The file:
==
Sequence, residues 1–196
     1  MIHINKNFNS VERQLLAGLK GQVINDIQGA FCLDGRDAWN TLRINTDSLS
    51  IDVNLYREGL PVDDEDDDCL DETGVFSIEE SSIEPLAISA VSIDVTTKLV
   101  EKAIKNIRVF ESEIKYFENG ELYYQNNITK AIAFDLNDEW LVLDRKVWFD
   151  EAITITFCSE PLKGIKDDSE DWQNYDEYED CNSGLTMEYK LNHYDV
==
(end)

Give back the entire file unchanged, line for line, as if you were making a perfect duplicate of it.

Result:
Sequence, residues 1–196
     1  MIHINKNFNS VERQLLAGLK GQVINDIQGA FCLDGRDAWN TLRINTDSLS
    51  IDVNLYREGL PVDDEDDDCL DETGVFSIEE SSIEPLAISA VSIDVTTKLV
   101  EKAIKNIRVF ESEIKYFENG ELYYQNNITK AIAFDLNDEW LVLDRKVWFD
   151  EAITITFCSE PLKGIKDDSE DWQNYDEYED CNSGLTMEYK LNHYDV